Diabetes is a chronic illness marked by the body’s inability to metabolize sugar into insulin—a hormone that regulates glucose in the blood—causing elevated blood sugar levels. If it is not properly managed, excess blood sugar can lead to a variety of other complications that are potentially life-threatening.
Prediabetes (a reversible condition that precludes diabetes) and diabetes affect over 100 million adults in the U.S. annually. On average, one in four Americans with diabetes goes undiagnosed. The condition is considered an epidemic by the Centers for Disease Control and Prevention (CDC), but with a diagnosis and proper care, many people are able to live normally with diabetes.
Individual symptoms may vary based on the type of diabetes present, but in general, those with diabetes experience:
- Physical or mental fatigue
- Frequent urination
- Excessive/unquenchable thirst
- Excessive hunger
- Unexplained weight loss
- Blurry vision
- Bruises that won’t heal
- Tingling or numbness in extremities
- Chronic inflammation
There are many types of diabetes, and each variety manifests in different ways. The most common types in children and adults are:
Type 1 diabetes. This type of diabetes is also known as insulin-dependent diabetes. It most commonly appears in individuals during childhood and happens when the pancreas can’t make enough—or any—insulin.
Type 2 diabetes. Type 2 diabetes is the most commonly-diagnosed type among adults. However, many teenagers are diagnosed as well. The condition is indicated by mild symptoms and either low levels of insulin production or complete insulin resistance. Type 2 diabetes increases the likelihood of heart disease or stroke.
Gestational diabetes. Some cases of diabetes are triggered in women during pregnancy. Gestational diabetes is a lower risk form that typically regresses after birth, but can increase the risk of developing Type 2 diabetes in the long term.
Many elements are thought to contribute to the onset of diabetes, but much is still unknown about the disease’s root causes. Some of the largest influencing factors include:
Genetic factors. Researchers believe that Type 1 diabetes is caused by certain genes or viruses. Scientists are actively studying ways to slow the onset of the disease.
Lifestyle and weight gain. Many cases of Type 2 diabetes are attributed to a sedentary lifestyle and poor diet. Excess body fat is sometimes correlated with insulin resistance, and can often lead to heart conditions associated with diabetes down the line.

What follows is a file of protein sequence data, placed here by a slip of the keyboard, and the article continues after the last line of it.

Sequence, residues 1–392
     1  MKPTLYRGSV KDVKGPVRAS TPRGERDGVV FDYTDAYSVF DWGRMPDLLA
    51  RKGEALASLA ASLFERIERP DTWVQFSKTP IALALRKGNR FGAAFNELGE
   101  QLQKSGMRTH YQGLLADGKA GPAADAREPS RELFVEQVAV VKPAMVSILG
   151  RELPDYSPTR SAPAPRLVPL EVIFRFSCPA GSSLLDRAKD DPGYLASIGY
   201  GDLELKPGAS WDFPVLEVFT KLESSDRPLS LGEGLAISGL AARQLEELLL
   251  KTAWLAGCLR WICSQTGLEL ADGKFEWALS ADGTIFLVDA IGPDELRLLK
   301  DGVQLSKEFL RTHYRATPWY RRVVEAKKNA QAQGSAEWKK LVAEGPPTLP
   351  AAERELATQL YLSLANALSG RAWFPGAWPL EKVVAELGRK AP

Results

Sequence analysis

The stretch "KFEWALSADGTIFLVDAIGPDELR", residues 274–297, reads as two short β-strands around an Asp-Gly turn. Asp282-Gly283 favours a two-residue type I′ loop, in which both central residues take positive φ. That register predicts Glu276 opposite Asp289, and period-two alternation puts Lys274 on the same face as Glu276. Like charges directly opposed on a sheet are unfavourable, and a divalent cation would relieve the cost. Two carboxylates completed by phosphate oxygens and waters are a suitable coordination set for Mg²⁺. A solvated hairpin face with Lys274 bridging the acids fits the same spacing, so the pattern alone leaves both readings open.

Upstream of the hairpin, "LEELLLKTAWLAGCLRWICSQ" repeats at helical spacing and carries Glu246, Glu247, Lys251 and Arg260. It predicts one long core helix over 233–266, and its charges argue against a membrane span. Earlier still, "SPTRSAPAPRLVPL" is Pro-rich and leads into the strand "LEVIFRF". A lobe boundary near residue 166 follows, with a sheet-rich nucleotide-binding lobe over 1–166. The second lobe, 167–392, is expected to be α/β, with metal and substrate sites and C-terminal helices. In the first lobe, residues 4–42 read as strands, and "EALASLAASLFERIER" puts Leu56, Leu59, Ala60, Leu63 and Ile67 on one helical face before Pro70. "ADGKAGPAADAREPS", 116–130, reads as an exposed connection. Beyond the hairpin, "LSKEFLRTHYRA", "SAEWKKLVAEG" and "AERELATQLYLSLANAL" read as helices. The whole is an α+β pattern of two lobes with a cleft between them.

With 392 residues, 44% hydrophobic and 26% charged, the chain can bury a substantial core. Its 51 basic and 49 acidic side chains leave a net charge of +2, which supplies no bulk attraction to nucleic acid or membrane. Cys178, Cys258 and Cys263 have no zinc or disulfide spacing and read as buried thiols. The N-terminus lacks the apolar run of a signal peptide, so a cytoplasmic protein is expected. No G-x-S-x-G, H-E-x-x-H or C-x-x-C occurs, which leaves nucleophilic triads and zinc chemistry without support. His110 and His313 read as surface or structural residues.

Hormones. As with gestational diabetes, a surge in hormones (coupled with lifestyle and genetic factors) can influence insulin resistance or lack of insulin production.
Diabetes has a wide range of treatment options—especially when diagnosed early on, the condition is extremely manageable. Medical options include:
Metformin. Metformin is the primary medication prescribed for Type 1 or Type 2 diabetes. It lowers the liver’s production of glucose while improving the efficiency of insulin use throughout the body. If metformin alone does not keep the body stable, doctors will usually prescribe additional medications.
Insulin. Many diabetics are prescribed one type or a combination of insulin to take throughout the day to stabilize blood glucose levels. Various types include:
– Rapid-acting. Designed to work within a few minutes, rapid-acting insulin has shorter-term effects.
– Intermediate-acting. Intermediate-acting insulin takes 2-4 hours to start metabolizing in the body and lasts for approximately 18 hours.
– Long-acting. Long-acting insulin takes longer to enter the bloodstream, but its effects last for over 24 hours.
Glucose tracker. In tandem with insulin treatments, those with diabetes can track blood glucose levels to better understand when it’s time to take a new dose and effectively manage symptoms.
Sulfonylureas and Meglitinides. Doctors might prescribe Type 2 diabetics with either sulfonylurea (like DiaBeta, Glynase, and Glucotrol) or meglitinides (such as Prandin and Starlix). Both groups of medications act similarly, stimulating the body’s insulin production. Potential risks associated with these types of medications include low blood sugar and weight gain.
Other options for preventing or managing diabetes can include:
Losing excess weight. Weight gain or excess weight can cause blood glucose levels to continuously spike. Sustained weight loss helps individuals better manage diabetes over time.
Maintaining a healthy diet. Eating a rainbow of fruits, vegetables, and whole foods can suppress symptoms—especially for Type 2 diabetes—keeps blood sugar more stable and aid weight loss. Patients can work with their doctor to develop a meal program that’s right for their needs.
Getting regular physical activity. Moderate exercise is another way to keep blood sugar in check. Exercising for 30 to 60 minutes approximately 3 to 5 days a week, and staying active throughout the day, can contribute to weight loss and lower blood sugar levels.
CBD. Chronic inflammation can lead to insulin resistance, or cause the underutilization of insulin. Cannabidiol (CBD) oil has been shown to lessen inflammation in the body, and it’s a non-medication way for diabetics to find short-term relief throughout the day.
As with any chronic illness, it’s important to consult a medical professional to determine treatment options that are right for your needs.